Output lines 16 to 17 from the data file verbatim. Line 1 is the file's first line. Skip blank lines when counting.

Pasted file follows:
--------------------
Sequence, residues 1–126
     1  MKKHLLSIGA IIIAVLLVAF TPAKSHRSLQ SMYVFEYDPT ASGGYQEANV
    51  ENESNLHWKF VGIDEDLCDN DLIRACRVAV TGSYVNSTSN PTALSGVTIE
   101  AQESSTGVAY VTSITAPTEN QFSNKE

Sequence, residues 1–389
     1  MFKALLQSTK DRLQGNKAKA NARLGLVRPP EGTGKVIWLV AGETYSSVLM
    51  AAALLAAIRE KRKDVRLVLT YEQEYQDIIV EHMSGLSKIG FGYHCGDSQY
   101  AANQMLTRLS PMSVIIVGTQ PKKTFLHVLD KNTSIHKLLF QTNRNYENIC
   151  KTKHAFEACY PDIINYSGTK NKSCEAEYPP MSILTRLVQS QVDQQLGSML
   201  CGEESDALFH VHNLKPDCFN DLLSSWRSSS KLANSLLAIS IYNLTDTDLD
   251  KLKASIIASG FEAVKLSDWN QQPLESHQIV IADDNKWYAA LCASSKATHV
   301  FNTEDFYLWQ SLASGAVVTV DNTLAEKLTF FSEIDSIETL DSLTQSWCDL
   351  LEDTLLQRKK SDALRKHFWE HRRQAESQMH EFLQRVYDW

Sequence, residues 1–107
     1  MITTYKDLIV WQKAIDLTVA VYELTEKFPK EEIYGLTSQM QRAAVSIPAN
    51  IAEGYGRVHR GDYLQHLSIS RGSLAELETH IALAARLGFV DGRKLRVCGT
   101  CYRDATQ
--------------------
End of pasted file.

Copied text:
    51  IAEGYGRVHR GDYLQHLSIS RGSLAELETH IALAARLGFV DGRKLRVCGT
   101  CYRDATQ